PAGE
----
Small villages and old churches protected by the dike
The Beautiful Towns and Villas in Veneto
by Suzanne Gibson, tour started May 2003, submitted 20 March 2006
Europe: Italy
language: de

Unsere Radtour führte uns zu den Städten Verona, Padua, Venedig, Treviso und Vicenza, eine herrliche Fahrt in die Kunstgeschichte Venetiens. Auch zu der Geschichte Venetiens gehören die mehr als 2.000 Villen, die in der Zeit zwischen dem 15. und 18. Jahrhundert im Hinterland Venedigs gebaut wurden,deren Architektur wir heute noch bewundern können. Vor allem stand Andrea Palladio dieser Villenarchitektur Pate. Dafür dass wir immer wieder mal verkehrsreiche Straßen in Kauf nehmen mussten, wurden wir ausgiebig belohnt.

See all 25 reports by Suzanne Gibson

Andrea Palladio's Villa Badoer in Fratta Polesine
cycling the Danube and Elbe cycle ways (2004 and 2005)
by Jack Dann, tour started May 2005, submitted 10 March 2006

Cycling the Elbe and Danube cycle ways.

Two tours, one of the Danube cycle way from Germany to Budapest, then through Slovenia to Venice, and the Elbe cycle tour from Hook of Holland to Prague via Hamburg; passing through Germany and Dresden.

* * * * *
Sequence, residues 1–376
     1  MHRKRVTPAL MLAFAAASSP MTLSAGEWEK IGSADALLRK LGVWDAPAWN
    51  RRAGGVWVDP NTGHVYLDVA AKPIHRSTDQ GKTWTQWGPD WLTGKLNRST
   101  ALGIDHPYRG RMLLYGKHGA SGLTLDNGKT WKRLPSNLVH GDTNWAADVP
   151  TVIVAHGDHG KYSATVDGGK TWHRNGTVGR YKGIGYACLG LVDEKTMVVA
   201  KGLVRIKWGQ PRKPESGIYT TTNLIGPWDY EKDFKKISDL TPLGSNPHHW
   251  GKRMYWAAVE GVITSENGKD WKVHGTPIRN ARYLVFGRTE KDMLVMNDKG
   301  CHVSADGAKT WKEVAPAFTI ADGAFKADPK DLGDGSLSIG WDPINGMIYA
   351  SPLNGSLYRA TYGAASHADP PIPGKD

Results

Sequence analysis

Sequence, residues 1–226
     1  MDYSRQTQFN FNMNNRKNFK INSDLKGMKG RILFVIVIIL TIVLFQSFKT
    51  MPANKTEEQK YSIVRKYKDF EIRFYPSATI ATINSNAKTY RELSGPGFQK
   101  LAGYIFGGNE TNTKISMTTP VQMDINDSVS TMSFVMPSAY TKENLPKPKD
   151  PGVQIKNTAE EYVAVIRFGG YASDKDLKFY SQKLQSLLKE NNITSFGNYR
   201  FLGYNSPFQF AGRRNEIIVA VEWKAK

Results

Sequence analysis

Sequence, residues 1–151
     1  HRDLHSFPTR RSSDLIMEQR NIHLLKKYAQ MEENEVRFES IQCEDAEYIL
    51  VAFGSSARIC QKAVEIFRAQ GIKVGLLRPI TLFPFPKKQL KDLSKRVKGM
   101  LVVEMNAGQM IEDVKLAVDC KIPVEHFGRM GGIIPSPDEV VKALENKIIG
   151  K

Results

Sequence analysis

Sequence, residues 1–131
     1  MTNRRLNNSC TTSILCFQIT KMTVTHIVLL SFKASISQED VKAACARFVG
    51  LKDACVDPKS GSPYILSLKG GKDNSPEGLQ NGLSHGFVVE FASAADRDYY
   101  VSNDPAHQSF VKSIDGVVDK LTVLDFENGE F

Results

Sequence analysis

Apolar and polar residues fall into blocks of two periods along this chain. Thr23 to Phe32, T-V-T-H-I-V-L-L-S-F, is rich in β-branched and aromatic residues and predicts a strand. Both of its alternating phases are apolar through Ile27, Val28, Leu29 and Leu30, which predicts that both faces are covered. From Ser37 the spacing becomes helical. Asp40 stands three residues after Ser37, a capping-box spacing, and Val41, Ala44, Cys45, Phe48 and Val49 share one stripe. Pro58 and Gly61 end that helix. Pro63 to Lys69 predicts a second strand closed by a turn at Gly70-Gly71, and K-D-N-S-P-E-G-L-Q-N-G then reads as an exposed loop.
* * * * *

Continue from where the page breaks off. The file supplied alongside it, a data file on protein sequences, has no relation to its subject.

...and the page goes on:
Cycling around Iceland
by Daniel Johansson, tour started June 2003, submitted 9 March 2006
Europe: Iceland

Pictures and watercolours from a cycling-around-Iceland adventure.

We cycled from Keflavík, visited the 196 m high waterfall Glymur, rounded Snæfellsnes, or we actually took the mountainroad over Snæfellsjökull. At Myvatn we looked at the active area. Along the southcoast we saw Jökulsárlón, Skaftafell, Dyrhólaey, Skogafoss, Seljalandsfoss, Strokkur, Gullfoss and Þingvallavatn.

Also see my Iceland-right-now page with webcams and their position on a map. And join my icq user list for Iceland.

Snæfellsjökull
Cycling the quiet one-lane back roads of the Ariege Pyrenees
by Steven Hill and Rebecca Heald, tour started September 2005, submitted 8 March 2006
Europe: France

``For prehistoric man who sheltered in the many caves, for the catholic heretics who defied the Church, and for resistance fighters, war-time refugees and downed WWII pilots who eluded the Nazis to escape over the mountains into Spain,'' the Ariège Pyrénées have a long history of serving as a refuge. Today, this unspoiled region attracts those eager to escape from the stresses of modern life, and cyclists wearied of persecution by vehicular traffic.